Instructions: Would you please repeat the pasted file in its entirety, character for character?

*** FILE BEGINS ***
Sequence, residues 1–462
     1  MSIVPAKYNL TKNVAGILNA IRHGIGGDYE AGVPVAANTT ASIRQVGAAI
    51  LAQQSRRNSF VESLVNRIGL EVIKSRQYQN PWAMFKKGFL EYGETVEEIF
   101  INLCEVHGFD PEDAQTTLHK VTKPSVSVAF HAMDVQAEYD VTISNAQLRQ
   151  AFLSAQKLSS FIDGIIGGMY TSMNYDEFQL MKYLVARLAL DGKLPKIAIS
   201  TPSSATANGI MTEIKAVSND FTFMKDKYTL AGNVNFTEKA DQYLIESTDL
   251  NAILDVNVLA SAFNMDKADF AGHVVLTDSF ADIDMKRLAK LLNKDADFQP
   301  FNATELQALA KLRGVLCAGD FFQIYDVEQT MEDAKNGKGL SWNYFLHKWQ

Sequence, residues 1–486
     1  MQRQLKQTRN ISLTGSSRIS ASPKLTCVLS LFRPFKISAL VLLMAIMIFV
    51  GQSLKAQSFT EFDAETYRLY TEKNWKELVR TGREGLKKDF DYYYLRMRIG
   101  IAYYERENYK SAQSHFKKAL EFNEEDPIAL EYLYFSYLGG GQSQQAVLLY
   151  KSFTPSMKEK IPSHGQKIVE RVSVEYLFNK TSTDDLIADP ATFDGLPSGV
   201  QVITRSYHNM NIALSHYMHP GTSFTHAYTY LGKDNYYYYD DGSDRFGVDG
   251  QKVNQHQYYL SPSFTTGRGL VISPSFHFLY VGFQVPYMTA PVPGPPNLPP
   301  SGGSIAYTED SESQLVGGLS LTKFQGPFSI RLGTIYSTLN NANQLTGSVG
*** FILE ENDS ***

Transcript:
Sequence, residues 1–462
     1  MSIVPAKYNL TKNVAGILNA IRHGIGGDYE AGVPVAANTT ASIRQVGAAI
    51  LAQQSRRNSF VESLVNRIGL EVIKSRQYQN PWAMFKKGFL EYGETVEEIF
   101  INLCEVHGFD PEDAQTTLHK VTKPSVSVAF HAMDVQAEYD VTISNAQLRQ
   151  AFLSAQKLSS FIDGIIGGMY TSMNYDEFQL MKYLVARLAL DGKLPKIAIS
   201  TPSSATANGI MTEIKAVSND FTFMKDKYTL AGNVNFTEKA DQYLIESTDL
   251  NAILDVNVLA SAFNMDKADF AGHVVLTDSF ADIDMKRLAK LLNKDADFQP
   301  FNATELQALA KLRGVLCAGD FFQIYDVEQT MEDAKNGKGL SWNYFLHKWQ

Sequence, residues 1–486
     1  MQRQLKQTRN ISLTGSSRIS ASPKLTCVLS LFRPFKISAL VLLMAIMIFV
    51  GQSLKAQSFT EFDAETYRLY TEKNWKELVR TGREGLKKDF DYYYLRMRIG
   101  IAYYERENYK SAQSHFKKAL EFNEEDPIAL EYLYFSYLGG GQSQQAVLLY
   151  KSFTPSMKEK IPSHGQKIVE RVSVEYLFNK TSTDDLIADP ATFDGLPSGV
   201  QVITRSYHNM NIALSHYMHP GTSFTHAYTY LGKDNYYYYD DGSDRFGVDG
   251  QKVNQHQYYL SPSFTTGRGL VISPSFHFLY VGFQVPYMTA PVPGPPNLPP
   301  SGGSIAYTED SESQLVGGLS LTKFQGPFSI RLGTIYSTLN NANQLTGSVG